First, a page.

Maple Leafs place Wayne Simmonds, Jason Spezza into COVID-19 protocols

Faizal Khamisa and Elliotte Friedman discuss whether a pause in the NHL is looming amidst the rise in Covid-19 cases, whether the Olympic decision will be impacted, and if players have the power to influence the league's decision.

Wayne Simmonds and Jason Spezza were added to the league's COVID-19 protocols late Friday night, broadening the scope of the Toronto Maple Leafs' current struggles with the virus to four players.

Toronto did not immediately offer an update on the well-being of either player.

The Maple Leafs had been largely spared by this latest surge in COVID-19 until Friday morning, when captain John Tavares and Alexander Kerfoot were placed in protocols.

After the Maple Leafs learned of the status of Tavares and Kerfoot, the team cancelled its practice at the University of British Columbia as a precaution.

“Since we came out west to Edmonton, I've haven’t left my hotel except for going for walks,” Maple Leafs coach Sheldon Keefe said this week. “Frankly, my priority right now is to get back to Toronto in time for Christmas healthy and safe. Get back to my family. I think everybody is like that.

“It’s even extra challenging being on the road right now, because I don’t want to be stuck here through Christmas. So, there’s lots of reasons to be smart right now.”

Players and travelling staff for the Maple Leafs were tested Thursday and underwent additional testing on Friday ahead of Saturday's game against the Vancouver Canucks.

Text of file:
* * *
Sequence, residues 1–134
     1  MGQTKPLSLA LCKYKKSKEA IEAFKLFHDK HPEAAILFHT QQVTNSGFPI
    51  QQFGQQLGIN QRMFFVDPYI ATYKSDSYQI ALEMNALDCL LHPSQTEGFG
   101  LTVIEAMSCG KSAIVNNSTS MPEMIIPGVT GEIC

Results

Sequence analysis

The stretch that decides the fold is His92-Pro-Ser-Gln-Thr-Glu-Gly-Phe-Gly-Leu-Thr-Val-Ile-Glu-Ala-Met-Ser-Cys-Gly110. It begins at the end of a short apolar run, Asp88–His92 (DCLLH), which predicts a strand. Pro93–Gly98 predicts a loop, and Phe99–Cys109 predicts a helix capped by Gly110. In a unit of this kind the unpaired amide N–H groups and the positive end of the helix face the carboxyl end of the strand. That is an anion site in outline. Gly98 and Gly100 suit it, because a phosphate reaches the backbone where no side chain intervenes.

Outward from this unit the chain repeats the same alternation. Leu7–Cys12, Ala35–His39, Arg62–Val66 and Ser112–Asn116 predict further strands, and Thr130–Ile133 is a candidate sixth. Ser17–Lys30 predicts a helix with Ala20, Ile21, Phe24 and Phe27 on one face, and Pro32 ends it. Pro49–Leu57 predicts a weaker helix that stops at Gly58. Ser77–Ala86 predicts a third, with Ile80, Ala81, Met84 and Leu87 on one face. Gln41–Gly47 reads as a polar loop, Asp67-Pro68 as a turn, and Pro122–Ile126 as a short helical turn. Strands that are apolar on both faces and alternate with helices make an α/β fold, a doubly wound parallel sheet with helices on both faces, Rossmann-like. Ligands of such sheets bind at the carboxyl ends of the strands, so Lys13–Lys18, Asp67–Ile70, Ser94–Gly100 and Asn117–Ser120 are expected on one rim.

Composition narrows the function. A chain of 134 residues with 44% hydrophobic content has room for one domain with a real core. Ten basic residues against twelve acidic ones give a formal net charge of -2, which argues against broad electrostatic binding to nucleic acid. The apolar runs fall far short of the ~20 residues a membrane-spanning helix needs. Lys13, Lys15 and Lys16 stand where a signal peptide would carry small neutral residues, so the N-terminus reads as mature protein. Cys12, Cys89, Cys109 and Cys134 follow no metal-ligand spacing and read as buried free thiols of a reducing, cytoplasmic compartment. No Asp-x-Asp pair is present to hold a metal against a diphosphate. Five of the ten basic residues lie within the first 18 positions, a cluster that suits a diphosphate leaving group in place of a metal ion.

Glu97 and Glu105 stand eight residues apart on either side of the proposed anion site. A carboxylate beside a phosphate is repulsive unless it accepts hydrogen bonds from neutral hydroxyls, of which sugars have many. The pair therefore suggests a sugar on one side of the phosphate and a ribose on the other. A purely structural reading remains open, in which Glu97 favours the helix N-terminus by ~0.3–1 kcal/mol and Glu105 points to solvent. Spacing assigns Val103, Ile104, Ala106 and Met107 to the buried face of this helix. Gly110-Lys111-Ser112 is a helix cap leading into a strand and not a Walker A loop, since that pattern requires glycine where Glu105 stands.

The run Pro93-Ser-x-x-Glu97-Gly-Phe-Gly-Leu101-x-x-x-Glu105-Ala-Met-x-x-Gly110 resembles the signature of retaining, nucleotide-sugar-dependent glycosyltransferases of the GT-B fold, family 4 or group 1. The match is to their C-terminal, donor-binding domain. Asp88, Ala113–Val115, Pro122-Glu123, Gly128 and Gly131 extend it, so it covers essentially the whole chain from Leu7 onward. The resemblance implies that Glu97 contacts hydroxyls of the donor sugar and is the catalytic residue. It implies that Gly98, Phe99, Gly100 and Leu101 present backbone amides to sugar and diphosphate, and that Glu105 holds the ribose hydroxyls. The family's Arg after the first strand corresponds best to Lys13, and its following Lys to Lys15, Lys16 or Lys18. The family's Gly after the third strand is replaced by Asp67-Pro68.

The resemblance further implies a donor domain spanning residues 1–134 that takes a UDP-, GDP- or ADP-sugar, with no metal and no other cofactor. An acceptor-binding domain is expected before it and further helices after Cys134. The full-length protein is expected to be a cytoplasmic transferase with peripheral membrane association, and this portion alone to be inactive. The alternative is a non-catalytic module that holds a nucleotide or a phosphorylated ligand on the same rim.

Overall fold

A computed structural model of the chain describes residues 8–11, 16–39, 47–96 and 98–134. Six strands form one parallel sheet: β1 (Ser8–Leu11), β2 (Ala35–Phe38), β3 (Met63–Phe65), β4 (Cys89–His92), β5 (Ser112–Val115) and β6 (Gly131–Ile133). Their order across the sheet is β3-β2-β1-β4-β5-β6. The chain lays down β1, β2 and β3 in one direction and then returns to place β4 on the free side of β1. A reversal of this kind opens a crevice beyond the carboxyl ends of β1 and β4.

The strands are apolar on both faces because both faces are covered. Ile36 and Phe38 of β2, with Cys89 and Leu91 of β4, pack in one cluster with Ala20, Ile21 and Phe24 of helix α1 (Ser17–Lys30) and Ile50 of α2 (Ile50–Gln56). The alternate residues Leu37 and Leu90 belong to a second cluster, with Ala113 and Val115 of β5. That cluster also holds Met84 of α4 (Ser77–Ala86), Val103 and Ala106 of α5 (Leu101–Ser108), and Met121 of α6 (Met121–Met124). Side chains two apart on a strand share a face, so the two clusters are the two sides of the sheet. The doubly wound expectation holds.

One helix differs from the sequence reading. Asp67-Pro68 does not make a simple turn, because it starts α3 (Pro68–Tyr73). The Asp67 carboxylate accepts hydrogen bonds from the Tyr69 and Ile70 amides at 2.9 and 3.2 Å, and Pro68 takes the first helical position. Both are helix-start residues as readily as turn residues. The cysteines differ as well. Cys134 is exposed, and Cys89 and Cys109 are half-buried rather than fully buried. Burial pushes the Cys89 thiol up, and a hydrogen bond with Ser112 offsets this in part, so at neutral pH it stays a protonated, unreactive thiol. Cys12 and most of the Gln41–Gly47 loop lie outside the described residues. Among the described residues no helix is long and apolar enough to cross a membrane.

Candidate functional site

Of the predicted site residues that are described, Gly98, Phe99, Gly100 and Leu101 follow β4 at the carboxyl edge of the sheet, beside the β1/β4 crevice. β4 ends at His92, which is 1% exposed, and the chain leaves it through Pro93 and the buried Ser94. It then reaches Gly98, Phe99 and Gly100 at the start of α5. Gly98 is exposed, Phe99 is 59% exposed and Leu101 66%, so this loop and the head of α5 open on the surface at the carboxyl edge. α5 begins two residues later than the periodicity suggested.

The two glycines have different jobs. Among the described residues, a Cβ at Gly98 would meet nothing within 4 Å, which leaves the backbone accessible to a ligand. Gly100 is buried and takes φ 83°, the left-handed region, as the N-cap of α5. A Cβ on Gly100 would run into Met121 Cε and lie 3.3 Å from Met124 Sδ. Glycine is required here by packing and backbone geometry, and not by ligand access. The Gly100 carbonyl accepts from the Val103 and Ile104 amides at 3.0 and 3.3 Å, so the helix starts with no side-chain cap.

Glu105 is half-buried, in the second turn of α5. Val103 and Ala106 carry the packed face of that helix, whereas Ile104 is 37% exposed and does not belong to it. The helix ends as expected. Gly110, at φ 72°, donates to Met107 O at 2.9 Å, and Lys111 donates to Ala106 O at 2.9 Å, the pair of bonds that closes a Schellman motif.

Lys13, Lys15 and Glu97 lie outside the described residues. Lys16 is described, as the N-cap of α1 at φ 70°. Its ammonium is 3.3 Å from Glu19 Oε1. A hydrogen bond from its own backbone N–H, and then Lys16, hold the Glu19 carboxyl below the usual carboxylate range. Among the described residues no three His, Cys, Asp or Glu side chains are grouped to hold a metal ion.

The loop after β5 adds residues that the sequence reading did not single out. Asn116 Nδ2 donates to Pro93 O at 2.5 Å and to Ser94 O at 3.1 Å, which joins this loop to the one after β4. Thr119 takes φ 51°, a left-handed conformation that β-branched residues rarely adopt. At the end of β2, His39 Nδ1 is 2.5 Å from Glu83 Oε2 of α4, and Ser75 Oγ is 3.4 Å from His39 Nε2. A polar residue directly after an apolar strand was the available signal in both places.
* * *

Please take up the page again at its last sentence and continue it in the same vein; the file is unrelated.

At this time, there has been no word from the league that the game is at risk of being postponed, though as the last week in the NHL has shown, the situation is fluid and could change rapidly.

“It sucks. It definitely sucks,” Simmonds said earlier this week, before any of the Maple Leafs entered protocols. “This feels like this has become the fourth wave now. I know NFL had something like 37 guys test positive in one day, and now our league's being hit pretty hard by it. So, we got to be smart about it, and the league will make the right decision.”

Much of the recent influx in positive tests is believed to be driven by the Omicron variant.

Research on Omicron, which was first identified in November in Botswana and South Africa, is still developing. However, since its initial discovery, the data so far show it is highly transmissible and less susceptible to vaccines than other variants of the coronavirus -- allowing it to spread even among populations with high vaccination rates like the NHL, where several precautions are being taken reduce transmission.

Early Omicron cases have raised hopes that the variant might cause milder disease than other variants, though it is too soon in the research process to know definitively if that trend will continue.

Several studies so far have indicated that full vaccination plus a booster shot provides strong protection against infection from Omicron.

The Maple Leafs last played in Edmonton on Tuesday, facing an Oilers team that has experienced a steady increase to the number of its players in protocol. On Friday, both Ryan Nugent-Hopkins and Duncan Keith joined the list, bringing the total number of players and staff sidelined to five.

Toronto did not play against Calgary on Thursday, with several Flames games having been postponed amid an outbreak in the organization.

The majority of NHLers who have tested positive, at this time, are believed to be asymptomatic.


Editor's Note: The COVID-19 situation, in the NHL and around the world, is constantly evolving. Readers in Canada can consult the country's public health website for the latest.


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